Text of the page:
(-8%), the Ridge Road Barn (-11%). Itʼs interesting to note that two of the four biggest
reducers were again Parks and Recreation facilities.
Not all Town facilities decreased their therm use, however. Town Hall increased therm
consumption by +10% despite the warmer 2010 winter (and by +13% during the colder
2009 winter.) The Knollwood Road Facilities decreased therms (-24%) during the
colder 2009 winter and increased therms (+8%) during the warmer 2010 winter, the only
facility showing a counter-intuitive consumption swing.
The total cost for natural gas for the Town for 2008-2010 deceased 48% from $287,083
to $150,598. This reflects both the 6% reduction in consumption and the decreased
price of natural gas from 2008-2010. (New York state commercial prices for natural gas
fell from a high of $15.22 dollars per thousand cubic feet in July, 2008 to a low of $8.82
per thousand cubic feet in August, 2010.)
3) Gasoline and Diesel Fuel
The Town has had modest success in reducing vehicle fleet energy consumption by
2.5% over the past two years. The vehicle fleet reduced overall gasoline and diesel fuel
consumption from 302,500 gallons (2008) to 300,981 gallons (2009), to 294,788 (2010).
(See Figure 3) The price of vehicle fuels was $886,126 in 2008, $537,515 in 2009 and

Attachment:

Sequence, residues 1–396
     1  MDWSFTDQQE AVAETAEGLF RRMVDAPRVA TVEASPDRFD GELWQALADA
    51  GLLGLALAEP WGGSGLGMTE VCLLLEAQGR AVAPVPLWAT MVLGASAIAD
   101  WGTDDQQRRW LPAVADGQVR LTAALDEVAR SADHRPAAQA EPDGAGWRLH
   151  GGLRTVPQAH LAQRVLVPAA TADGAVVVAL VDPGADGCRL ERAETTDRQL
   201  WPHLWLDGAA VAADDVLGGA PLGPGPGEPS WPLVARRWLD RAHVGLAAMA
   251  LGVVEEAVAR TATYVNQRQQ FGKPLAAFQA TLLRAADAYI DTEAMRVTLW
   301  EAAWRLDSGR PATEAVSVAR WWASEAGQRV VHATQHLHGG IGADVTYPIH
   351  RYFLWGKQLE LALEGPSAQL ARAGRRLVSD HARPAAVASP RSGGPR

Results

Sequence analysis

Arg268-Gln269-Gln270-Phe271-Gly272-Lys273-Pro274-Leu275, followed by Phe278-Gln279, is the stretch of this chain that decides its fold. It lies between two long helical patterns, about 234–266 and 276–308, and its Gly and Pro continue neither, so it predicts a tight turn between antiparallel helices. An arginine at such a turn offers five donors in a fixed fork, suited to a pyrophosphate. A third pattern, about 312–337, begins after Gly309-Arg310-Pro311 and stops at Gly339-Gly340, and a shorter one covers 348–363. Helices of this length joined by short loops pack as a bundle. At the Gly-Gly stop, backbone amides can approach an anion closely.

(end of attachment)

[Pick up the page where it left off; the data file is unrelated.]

$659,342 in 2010, reflecting both reduced consumption and fluctuating prices per
4) Greenhouse Gas Emissions
These energy consumption reductions are equivalent to an estimated reduction in
greenhouse gas emissions of 757 metric tons of CO2e, a 2% reduction in CO2e
compared with 2008.
5) Conclusions
The good news is that in 2010 the unincorporated Town of Greenburgh decreased
electricity consumption by 2% (if one excludes the Library and Knollwood Pumps),
natural gas consumption by 6%, gasoline/diesel fuel consumption by 2.5%, and
greenhouse gas emissions by 2% from 2008 baseline levels. These decreases are
moves in the right direction in terms of energy conservation, reduced taxpayer costs,
and greenhouse gas emissions. The bad news is that these reductions are insufficient
to meet proposed greenhouse gas reduction targets of 15% by 2015 and 20% by 2020.
A comprehensive Climate Action Plan will be needed to accomplish those goals.
Figure 1
Electricity Consumption (Kilowatt Hours)
* Revised Total = Total Consumption - (Library + Knollwood Pump Station)
Total Revised Total*
2008 2009 2010
Figure 2
Natural Gas Consumption (Therms)
Note: 2009 had 5% more heating degree days than 2008. 2010 had 4% fewer heating
degree days than 2008.
2008 2009 2010
Figure 3
Gasoline and Diesel Fuel Usage (Gallons)
2008 2009 2010
Energy Costs (Dollars)
Appendix 1
Electricity Gasoline Natural Gas Total
2008 2009 2010
Knollwood Road Electrical Consumption 2008-2010 (Metered Kilowatt Hours)
The Water Departmentʼs Knollwood Road facility is the Townʼs single largest consumer
of electricity, but itʼs impossible to make annual comparisons of consumption due to
erratic NYPA metering (see below).
2008 2009 2010
January 104,800 2,400 253,600
February 274,400 2,400 1,600
March 292,800 2,400 2,400
April 252,000 2,400 2,400
May 297,600 2,400 1,600
June -1,103,200 264,800 1,202,400
July 3,200 283,200 401,600
August 4,000 271,200 367,200
September 3,200 319,200 368,000
October 3,200 268,200 284,000
November 2,400 240,800 212,000
December 2,400 245,600 259,200
Total 136,800 1,904,800 3,356,000